THE SANTA CLARA
January 22, 2014
Last April, armed militants devastated the small town of Chibok as they stormed a boarding school in the northeastern region of Nigeria and abducted 276 teenage girls.
The world did not turn a blind eye to this tragedy. Several grassroots campaigns sprung up in the following weeks, with millions calling for their political leaders to “bring back our girls.”
People held protests, petitioned online and supported key political figures as they voiced their approval for the campaign. Malala Yousafzai, a young girl who was shot by Pakistani Taliban when she was 15 because of her courageous call for educational opportunities for women, got behind the movement. As did Michelle Obama, someone who one would assume had the ear of the President.
Most notable, however, was the enormous outpouring of support for the missing girls that took place on social media. With over a million retweets, the hashtag “#BringBackOurGirls” blew up on Twitter. The Facebook page of the same name, which posts about the number of days that have passed since the girls’ abduction (283 as of today), still has over 230,000 followers.
Yet for many, the effort to #BringBackOurGirls went no further than a quick retweet or like on Facebook. People moved on.
A brief glance at Twitter this week hinted at where our society’s true passions lie. The upcoming Whitney Houston movie was most trending, as was “Beliebers Day,” which after 30 seconds this writer will never get back, was discovered to actually be in mid-June.
Far less discussed was Boko Haram’s kidnapping of 80 people in Northern Cameroon on Sunday. There was practically no mention of the fact that over 200 of the abducted young women are still missing.
Few saw the satellite images released by Amnesty International, which showed the utter ravaging of the towns of Baga and Doron Baga in northeast Nigeria by Boko Haram militants during the first week of January.
Over 3,700 homes were destroyed, thousands have been reported killed and the destruction is so severe that, as Amnesty International’s Nigeria researcher Daniel Eyre noted, “Residents have not been able to return to bury the dead, let alone count their number.”
Instead, let’s all laugh at the retweets to the hashtag “#FiveWordsToRuinAJobInterview,” which dominated Twitter for most of the weekend.
Such a dismissal of a crisis is reminiscent of the public reaction to Invisible Children’s movie “Kony 2012,” which sought to shed light on the crimes of African warlord, Joseph Kony.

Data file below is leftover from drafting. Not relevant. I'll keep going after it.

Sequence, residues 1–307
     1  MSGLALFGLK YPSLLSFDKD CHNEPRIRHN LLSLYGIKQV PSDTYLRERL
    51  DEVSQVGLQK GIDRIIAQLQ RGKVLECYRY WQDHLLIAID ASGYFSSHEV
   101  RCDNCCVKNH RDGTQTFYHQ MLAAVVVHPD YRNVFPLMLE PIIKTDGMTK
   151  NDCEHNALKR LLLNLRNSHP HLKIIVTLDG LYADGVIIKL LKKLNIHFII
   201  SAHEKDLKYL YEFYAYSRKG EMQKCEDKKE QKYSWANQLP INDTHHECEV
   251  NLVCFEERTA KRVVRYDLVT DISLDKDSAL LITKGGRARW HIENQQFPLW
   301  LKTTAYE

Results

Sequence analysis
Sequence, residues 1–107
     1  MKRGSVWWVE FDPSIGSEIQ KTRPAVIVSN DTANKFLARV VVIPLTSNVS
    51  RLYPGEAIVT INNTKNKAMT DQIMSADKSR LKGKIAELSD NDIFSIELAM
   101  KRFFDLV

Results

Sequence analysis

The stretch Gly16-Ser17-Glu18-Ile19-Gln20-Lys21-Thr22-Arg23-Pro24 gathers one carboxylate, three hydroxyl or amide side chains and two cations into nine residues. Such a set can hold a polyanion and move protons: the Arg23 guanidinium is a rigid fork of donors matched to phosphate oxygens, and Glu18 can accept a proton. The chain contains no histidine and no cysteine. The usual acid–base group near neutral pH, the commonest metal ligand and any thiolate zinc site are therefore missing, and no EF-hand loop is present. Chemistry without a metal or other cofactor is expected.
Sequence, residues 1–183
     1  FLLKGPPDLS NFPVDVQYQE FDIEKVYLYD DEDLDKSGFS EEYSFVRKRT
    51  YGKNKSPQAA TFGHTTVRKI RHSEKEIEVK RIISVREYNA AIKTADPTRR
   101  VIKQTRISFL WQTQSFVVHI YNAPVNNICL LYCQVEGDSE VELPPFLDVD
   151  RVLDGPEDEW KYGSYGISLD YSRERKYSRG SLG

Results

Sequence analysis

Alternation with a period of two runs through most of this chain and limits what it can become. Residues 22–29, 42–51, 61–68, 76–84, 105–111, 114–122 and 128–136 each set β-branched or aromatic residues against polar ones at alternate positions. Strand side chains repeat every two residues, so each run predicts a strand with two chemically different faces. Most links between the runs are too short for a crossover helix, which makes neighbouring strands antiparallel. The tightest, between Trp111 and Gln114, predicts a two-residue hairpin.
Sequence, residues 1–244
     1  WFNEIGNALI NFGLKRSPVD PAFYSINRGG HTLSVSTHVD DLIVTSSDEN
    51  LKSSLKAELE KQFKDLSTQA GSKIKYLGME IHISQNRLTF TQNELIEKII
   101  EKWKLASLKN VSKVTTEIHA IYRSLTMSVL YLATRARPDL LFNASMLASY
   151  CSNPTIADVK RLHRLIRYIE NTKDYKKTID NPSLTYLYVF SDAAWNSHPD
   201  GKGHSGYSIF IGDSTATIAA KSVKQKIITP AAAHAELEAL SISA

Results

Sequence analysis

The film sparked widespread outrage, was viewed over 100 million times and filled Facebook walls for weeks. Support for the moment dropped off significantly when the mental stability of Jason Russell, the film’s director, came into question. The follow up film, “Kony 2012: Part II – Beyond Famous,” was dramatically less successful.
Russell’s breakdown and the loss of support for his movement that followed highlighted the problem faced by many of today’s social media driven campaigns.
It happened again two years later with “#BringBackOurGirls.” After the earthquake in Haiti. With the Ice Bucket Challenge. During the Ebola crisis. Even with the Occupy Movement.
Society eagerly moves on to the next crisis before the first one is bettered. This tragedy ADD has plagued modern movements as they have lost needed funding and interest while their targets remain relatively unfazed.
It’s safe to say that Joseph Kony and Boko Haram care about whether or not you retweeted about them just as much as they care how quickly you can binge watch the newest season of “House of Cards.”
We need to go beyond hashtag activism. Both effortless and mindless, it ultimately does little to actually affect our world.
If only there were a way for people to voice their opinions and influence the actions of leaders in a democratic society. Perhaps then steps could be taken to influence the actions of the oil-rich Nigeria, a country that had to import $6.5 billion worth of primarily agricultural goods from the U.S. in 2013, up 28.8 percent from 2012.
Maybe then something would be done about the absurdly corrupt nation that saw its leader dancing the night away at a wedding instead of making any comments about the horrific massacre that took place in two towns in his own nation.
Or you could “#DescribeYourSexLifeWithABand,” which was most trending on Twitter yesterday.
Thomas Curran-Levett is a junior political science major and the Opinion Editor for The Santa Clara.